Touch Me Not – Review

There’s nothing intimate or erotically passionate in Adina Pintilie’s semi-autobiographical think piece Touch Me Not. Winner of this year’s prestigious Golden Bear, Adina’s directorial debut is an emotionally void picture which neither reaches its goals of commenting on physical interactions and the everlasting longing for relationships. Using a candid portrait of herself (Adina) as a meta-backdrop for the film’s lengthy two hour run time, the film visits a wide variety of surface-level characters, such as Christian and Tómas, two disabled physio-therapy patients with rare extreme body dysfunctions.

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Adina uses these characters as means of exposition, using conversation circles and interviews, for the actors to detail their character’s inner motivations and struggles. This method of film-making can either make or break a film in terms of narrative relevance, and unfortunately, in Touch Me Not, this route of storytelling neither compliments nor aids the film in any regard. Making matters worse, as the film progresses, the erotic and graphic nature of the film’s intent slowly become apparent, turning the pre-established light-hearted physiological tone of the first two acts, into something deplorable and nasty for the viewer to watch. Although some may argue that the third act’s abrasive transformation into the explicit is thematically relevant to the film’s thesis on physical interaction, the subject matter to begin with is just so poorly developed and conceived, to the point that Adina’s direction feels aimless and pretentious. If you’re going to torture your audience with explicit material, please do it with class.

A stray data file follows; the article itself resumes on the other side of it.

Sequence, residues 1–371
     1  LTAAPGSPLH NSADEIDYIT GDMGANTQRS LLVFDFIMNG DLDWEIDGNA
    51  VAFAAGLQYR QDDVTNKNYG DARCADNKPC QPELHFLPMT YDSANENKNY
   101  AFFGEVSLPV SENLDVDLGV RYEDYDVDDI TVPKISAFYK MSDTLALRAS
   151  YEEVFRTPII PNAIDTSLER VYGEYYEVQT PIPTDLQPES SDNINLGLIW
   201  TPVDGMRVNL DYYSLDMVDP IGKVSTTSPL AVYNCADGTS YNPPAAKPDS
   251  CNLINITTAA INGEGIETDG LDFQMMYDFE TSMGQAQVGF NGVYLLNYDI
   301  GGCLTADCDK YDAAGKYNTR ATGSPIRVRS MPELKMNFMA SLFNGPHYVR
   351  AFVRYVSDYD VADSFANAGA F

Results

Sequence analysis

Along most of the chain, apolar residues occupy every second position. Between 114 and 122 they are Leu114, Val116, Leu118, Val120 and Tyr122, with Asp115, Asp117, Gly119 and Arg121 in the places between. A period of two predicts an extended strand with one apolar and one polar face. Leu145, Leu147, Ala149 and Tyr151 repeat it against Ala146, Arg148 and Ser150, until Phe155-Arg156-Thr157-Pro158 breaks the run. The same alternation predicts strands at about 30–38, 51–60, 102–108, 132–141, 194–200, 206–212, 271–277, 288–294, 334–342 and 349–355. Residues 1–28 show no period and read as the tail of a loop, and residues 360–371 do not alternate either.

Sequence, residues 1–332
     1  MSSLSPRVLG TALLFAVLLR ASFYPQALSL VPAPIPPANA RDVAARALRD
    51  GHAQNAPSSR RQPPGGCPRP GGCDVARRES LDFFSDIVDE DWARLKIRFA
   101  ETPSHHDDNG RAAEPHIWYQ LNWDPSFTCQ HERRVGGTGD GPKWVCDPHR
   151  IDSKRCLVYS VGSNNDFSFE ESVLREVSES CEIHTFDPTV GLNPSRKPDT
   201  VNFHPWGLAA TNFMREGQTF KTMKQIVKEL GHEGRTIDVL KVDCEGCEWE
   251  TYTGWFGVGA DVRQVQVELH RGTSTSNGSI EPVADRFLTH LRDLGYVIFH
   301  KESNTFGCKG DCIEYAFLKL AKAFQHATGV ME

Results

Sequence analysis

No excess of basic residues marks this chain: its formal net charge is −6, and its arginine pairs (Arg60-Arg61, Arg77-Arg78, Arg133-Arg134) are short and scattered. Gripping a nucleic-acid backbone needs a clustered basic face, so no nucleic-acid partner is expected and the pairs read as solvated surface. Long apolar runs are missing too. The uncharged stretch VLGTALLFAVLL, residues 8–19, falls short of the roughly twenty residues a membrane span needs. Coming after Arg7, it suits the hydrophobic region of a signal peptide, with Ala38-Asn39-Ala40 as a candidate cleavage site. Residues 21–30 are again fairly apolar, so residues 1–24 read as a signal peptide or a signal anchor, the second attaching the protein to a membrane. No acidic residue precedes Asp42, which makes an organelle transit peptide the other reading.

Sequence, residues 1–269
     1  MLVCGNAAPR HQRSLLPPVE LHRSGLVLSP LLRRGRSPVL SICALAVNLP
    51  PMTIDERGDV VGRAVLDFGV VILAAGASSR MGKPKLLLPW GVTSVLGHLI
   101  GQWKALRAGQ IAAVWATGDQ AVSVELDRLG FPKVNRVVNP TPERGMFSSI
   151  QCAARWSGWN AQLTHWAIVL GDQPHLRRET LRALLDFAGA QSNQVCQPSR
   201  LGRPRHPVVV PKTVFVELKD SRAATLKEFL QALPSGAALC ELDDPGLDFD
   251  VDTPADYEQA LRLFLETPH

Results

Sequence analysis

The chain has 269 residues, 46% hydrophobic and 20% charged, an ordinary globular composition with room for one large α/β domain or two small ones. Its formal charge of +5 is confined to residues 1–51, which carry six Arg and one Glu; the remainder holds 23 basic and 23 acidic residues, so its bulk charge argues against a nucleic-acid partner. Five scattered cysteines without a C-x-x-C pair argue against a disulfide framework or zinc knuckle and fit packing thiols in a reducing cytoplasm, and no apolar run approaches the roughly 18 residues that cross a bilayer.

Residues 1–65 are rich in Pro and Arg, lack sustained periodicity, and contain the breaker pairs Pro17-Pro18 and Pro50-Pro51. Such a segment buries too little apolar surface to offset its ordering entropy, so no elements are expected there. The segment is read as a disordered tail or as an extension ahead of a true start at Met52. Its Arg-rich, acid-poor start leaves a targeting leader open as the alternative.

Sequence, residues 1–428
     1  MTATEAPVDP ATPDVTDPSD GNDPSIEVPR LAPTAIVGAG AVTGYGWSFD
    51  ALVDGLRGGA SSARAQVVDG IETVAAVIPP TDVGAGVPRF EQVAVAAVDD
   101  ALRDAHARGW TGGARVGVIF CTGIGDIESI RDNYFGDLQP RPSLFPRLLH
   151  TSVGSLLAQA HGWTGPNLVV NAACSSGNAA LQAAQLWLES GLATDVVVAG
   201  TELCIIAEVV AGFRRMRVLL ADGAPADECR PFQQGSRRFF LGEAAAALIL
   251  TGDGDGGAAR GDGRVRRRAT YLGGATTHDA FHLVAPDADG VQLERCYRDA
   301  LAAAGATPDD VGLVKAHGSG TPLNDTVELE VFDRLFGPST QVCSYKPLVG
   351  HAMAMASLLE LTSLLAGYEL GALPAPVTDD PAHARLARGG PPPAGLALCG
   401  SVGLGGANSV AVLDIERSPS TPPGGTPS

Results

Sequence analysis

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Within it’s garbled half baked ideas, Touch Me Not isn’t a total disaster. Filled with beautiful portrait like cinematography, interchanging perspective and shadow composition as means to bring life into an already mundane world, George Chiper’s usage of lenses and color psychology compliments the film’s messages on body and soul in an beautiful light. The sound design also improves on the film, by using irritating reverbs and echo’s as means to disturb and off put the viewer.

It’s disappointing that a film such as Touch Me Not won the Golden Bear this year, when there were plenty of other films in competition, such as Wes Anderson’s Isle of Dogs, Alonso Ruizpalacios’s Museo, and Christian Petzold’s Transit, which were far more deserving of the award. Touch Me Not may be one of the most alarming and pretentiously dull film’s of the 21st century. It falter’s in having a voice, and most importantly, fails in getting the audience’s attention and emotional investment.

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Kino Lorber Has Planned A 2019 Release for Touch Me Not. Dates TBA

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